‘The charade of a post-racial America.’

    March 6, 2016


    ‘Beatty’s characters do more than acknowledge their racism—our racism. They revel in it. Racism becomes a path to honesty, even self-knowledge. It’s an improvement on the current status quo, at least, better than the denial of the racism that pervades our culture and our institutions. The Sellout tries to make sense of a time in which acts of racism are not as taboo as the acknowledgement that no Americans are actually colorblind.’


    ‘Beatty, like his narrator, manages to discriminate against every race at the same time. Each ethnic and identity group is held up to ridicule, the stereotypes taken to absurdist extremes. Some of the gentler (printable) examples include a classification of whiteness in America, ranging from Regular (“Benefit of the Doubt,” “Higher Life Expectancy”) to Super Deluxe (“Military Service is For Suckers,” “All Vices and Bad Habits Referred to as ‘Phases’”); a scene at the Supreme Court in which Judge Sotomayor utters Spanish profanities under her breath and Clarence Thomas’s robe is stained with barbecue sauce; and a social justice organization called “The L.A. LGBTDL Crisis Center for Chicanos, Blacks, Non-Gays, and Anyone Else Who Feels Underserved, Unsupported, and Exploited by Hit Cable Television Shows.” But Beatty directs his most biting satire at liberal intellectuals who boast of racial progress and bristle at politically incorrect language.’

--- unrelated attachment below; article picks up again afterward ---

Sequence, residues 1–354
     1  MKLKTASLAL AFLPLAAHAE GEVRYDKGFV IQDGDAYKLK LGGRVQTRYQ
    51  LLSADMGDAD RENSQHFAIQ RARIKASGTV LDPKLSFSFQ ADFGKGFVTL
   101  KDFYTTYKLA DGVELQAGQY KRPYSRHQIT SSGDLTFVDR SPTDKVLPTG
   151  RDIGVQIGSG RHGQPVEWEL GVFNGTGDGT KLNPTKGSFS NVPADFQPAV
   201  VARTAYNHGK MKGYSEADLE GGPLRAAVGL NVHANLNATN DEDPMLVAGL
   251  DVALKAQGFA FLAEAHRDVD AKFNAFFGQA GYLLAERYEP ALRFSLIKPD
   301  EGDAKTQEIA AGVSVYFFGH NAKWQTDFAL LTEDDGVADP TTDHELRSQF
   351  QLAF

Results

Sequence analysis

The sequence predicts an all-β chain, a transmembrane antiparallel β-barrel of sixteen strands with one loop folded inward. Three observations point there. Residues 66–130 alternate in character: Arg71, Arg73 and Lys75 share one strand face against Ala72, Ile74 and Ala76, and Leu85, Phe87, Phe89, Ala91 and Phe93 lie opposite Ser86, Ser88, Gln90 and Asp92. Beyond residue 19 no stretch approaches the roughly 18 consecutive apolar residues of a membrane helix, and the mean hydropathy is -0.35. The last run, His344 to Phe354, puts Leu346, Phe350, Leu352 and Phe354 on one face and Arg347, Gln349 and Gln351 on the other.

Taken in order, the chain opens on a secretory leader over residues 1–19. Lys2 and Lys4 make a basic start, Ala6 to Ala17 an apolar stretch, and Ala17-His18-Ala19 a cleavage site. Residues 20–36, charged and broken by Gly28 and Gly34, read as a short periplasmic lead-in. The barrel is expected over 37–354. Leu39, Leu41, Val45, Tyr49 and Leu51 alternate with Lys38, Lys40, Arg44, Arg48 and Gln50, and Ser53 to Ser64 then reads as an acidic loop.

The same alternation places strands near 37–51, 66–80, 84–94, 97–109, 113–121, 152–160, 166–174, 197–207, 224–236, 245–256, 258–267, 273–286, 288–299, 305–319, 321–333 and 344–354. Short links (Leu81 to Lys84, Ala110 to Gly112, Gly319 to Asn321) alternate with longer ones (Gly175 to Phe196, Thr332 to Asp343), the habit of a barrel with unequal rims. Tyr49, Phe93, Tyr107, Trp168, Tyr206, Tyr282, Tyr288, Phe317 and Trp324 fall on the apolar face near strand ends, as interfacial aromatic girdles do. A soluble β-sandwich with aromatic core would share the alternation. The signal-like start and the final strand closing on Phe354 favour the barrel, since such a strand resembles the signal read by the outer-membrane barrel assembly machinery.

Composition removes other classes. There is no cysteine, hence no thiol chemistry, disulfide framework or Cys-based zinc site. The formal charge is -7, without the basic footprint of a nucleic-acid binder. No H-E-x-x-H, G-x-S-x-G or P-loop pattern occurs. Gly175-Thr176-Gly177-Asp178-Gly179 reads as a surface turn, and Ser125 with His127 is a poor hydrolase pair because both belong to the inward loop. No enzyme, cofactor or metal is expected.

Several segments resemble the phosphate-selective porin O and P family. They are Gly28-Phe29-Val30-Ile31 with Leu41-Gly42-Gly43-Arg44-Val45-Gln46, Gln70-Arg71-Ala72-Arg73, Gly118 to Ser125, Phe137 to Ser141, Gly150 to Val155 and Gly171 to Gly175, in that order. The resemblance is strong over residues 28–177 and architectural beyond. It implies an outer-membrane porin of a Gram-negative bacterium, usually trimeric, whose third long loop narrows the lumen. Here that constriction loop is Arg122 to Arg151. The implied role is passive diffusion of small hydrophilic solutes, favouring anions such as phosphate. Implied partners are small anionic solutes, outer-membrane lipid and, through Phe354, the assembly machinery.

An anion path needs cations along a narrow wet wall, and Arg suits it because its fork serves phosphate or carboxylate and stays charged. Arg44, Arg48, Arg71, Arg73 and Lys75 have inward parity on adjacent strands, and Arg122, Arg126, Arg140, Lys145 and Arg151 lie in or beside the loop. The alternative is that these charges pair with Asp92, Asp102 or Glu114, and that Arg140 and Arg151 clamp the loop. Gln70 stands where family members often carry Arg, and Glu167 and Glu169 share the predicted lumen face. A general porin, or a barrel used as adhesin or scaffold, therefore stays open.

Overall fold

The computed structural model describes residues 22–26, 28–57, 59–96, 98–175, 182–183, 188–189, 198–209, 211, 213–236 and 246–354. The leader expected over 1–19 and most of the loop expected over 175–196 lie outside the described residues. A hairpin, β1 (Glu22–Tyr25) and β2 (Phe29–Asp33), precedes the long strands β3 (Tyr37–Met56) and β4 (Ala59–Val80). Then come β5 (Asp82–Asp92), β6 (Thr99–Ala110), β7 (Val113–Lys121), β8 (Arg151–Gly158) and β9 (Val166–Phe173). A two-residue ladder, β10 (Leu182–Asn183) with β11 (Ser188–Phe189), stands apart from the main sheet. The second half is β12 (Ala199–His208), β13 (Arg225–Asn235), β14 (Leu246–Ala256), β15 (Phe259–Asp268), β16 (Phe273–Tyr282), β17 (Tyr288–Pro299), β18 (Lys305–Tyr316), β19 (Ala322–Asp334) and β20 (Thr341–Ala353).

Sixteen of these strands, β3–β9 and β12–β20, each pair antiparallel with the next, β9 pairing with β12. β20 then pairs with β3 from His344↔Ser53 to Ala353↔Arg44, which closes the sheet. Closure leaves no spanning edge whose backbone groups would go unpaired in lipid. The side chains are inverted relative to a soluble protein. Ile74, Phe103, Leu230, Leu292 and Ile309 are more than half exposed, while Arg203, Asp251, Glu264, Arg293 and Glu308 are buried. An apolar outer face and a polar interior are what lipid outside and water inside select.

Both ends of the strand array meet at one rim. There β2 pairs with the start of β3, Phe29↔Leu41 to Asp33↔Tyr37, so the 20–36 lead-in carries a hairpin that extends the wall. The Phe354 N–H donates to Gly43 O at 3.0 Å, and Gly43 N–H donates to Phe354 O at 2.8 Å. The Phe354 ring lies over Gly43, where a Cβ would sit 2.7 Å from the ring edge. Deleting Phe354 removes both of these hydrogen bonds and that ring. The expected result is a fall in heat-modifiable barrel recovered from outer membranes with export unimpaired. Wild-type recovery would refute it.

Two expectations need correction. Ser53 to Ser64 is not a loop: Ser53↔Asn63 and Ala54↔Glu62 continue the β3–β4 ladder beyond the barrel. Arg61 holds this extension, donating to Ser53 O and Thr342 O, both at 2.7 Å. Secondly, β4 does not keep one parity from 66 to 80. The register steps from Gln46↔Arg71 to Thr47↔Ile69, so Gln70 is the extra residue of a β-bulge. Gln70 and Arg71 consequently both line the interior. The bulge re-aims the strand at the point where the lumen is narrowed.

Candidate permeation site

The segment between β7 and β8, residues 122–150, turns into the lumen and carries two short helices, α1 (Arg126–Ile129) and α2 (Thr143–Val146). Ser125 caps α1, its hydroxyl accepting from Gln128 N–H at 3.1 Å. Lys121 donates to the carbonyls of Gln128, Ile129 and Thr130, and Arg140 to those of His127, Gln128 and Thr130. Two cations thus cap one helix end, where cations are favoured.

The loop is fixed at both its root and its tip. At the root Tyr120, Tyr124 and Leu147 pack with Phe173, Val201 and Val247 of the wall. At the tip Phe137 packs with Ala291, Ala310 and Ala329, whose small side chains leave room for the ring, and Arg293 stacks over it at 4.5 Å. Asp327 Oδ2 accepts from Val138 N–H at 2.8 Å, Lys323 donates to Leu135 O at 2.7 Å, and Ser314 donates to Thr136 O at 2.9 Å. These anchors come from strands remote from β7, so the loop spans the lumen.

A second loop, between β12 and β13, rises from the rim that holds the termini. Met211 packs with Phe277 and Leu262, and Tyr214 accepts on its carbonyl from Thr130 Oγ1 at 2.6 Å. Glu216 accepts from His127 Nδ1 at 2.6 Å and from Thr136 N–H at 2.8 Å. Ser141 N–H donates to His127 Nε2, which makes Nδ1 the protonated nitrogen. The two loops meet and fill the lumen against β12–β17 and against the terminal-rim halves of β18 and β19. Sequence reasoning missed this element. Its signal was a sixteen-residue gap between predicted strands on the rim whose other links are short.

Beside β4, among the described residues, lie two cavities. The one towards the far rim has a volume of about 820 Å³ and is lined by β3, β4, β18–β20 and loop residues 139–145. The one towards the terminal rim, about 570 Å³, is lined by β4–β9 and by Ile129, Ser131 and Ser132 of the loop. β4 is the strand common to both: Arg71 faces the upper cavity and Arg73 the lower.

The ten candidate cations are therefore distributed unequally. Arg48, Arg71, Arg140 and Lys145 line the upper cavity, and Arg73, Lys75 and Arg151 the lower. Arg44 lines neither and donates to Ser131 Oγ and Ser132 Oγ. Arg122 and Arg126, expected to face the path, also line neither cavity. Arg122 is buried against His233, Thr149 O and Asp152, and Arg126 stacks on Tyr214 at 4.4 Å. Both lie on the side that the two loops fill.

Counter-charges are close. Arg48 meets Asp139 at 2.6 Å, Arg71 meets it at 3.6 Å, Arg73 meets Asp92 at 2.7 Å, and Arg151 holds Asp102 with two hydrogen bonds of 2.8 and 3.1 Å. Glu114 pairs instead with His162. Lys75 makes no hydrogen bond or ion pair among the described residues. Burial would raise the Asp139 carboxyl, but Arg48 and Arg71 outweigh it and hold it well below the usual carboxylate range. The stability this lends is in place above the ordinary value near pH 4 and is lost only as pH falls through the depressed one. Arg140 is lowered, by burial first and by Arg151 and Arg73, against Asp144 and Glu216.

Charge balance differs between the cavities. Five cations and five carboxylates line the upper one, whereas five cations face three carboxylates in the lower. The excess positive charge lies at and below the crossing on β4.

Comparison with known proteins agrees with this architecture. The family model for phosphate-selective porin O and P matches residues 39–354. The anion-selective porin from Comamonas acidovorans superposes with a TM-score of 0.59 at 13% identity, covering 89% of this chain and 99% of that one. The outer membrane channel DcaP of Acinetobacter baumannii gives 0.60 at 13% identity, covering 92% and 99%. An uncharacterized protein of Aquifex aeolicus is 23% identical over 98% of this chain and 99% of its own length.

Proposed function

The Daily Beast



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